(a) 1 2 3 4 Magnetic Compass Accurate Time Piece OAT Indicator Sensitive Pressure Altimeter

(b) 1 1 1 1

(e) 1 1 1 2 Note (5)

(f) 1 1 1 2 Note (5) 2 2

5 6 7 8 9

Air Speed Indicator Heated Pitot system Pitot heat failure Indicator Vertical Speed Indicator Turn and slip Indicator OR Turn Co-ordinator

2 2

1 1

10

Attitude Indicator

1 Note (1)

2 Notes (1) & (2)

11

Gyroscopic Direction Indicator

1 Note (1)

2 Notes (1) & (2)

12 13

Standby Attitude Indicator Mach Number Indicator See Note (3) for all aeroplanes

NOTES : (1) (2) (3) (4) (5) For local flights (A to A, 50 Nm radius, not more than 60 minutes duration) the instruments at Serials 9(b) 10(b) and 11 (b) may be replaced by EITHER a turn and slip indicator, OR a turn co-ordinator, OR both an attitude indicator and a slip indicator. The substitute instruments permitted by Note (1) shall be provided at each pilot's station. Serial 13 - A Mach number indicator is required for each pilot whenever compressibility limitations are not otherwise indicated by airspeed indicators. For IFR or at night, a Turn and Slip indicator, or a slip indicator and a third (standby) attitude indicator certificated according to JAR 25.1303(b)(4) or equivalent, is required. Neither Three pointers, nor drum pointer altimeters satisfy the requirement.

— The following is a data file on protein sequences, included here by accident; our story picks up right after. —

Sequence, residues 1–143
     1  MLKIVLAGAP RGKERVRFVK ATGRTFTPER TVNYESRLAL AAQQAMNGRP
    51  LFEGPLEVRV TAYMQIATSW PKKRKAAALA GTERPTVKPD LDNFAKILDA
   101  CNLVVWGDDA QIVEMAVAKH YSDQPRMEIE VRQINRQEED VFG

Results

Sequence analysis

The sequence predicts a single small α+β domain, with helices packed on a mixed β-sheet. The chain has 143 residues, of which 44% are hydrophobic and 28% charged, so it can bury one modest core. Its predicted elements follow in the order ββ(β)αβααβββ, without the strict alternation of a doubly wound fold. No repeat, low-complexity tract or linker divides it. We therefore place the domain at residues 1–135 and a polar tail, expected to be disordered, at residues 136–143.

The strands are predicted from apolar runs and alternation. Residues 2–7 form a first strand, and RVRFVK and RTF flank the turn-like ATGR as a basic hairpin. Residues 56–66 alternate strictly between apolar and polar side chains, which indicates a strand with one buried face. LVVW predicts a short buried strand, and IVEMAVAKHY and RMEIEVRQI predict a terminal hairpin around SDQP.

[Amdt. 3, 01.12.01]

AMC OPS 1.650(i) & 1.652(i) Flight and Navigational Instruments and Associated Equipment See JAR-OPS 1.650(i) & 1.652(i) A means to indicate outside air temperature indicator may be an air temperature indicator which provides indications that are convertible to outside air temperature.

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IEM OPS 1.650(p)/1.652(s) Headset, boom microphone and associated equipment See JAR-OPS 1.650(p)/1.652(s) A headset, as required by JAR-OPS 1.650(p) and JAR-OPS 1.652(s), consists of a communication device which includes an earphone(s) to receive and a microphone to transmit audio signals to the aeroplanes communication system. To comply with the minimum performance requirements, the earphone(s) and microphone should match with the communication systems characteristics and the flight deck environment. The headset should be adequately adjustable to fit the pilots head. Headset boom microphones should be of the noise cancelling type.
[Ch. 1, 01.03.98; Amdt. 3, 01.12.01]

AMC OPS 1.652(d) & (k)(2) Flight and Navigational Instruments and Associated Equipment See JAR-OPS 1.652(d) & (k)(2) A combined pitot heater warning indicator is acceptable provided that a means exists to identify the failed heater in systems with two or more sensors.

IEM OPS 1.668 Airborne Collision Avoidance System See JAR-OPS 1.668 The minimum performance level for ACAS II is contained in ICAO Annex 10, Volume IV, Chapter 4.
[Ch. 1, 01.03.98]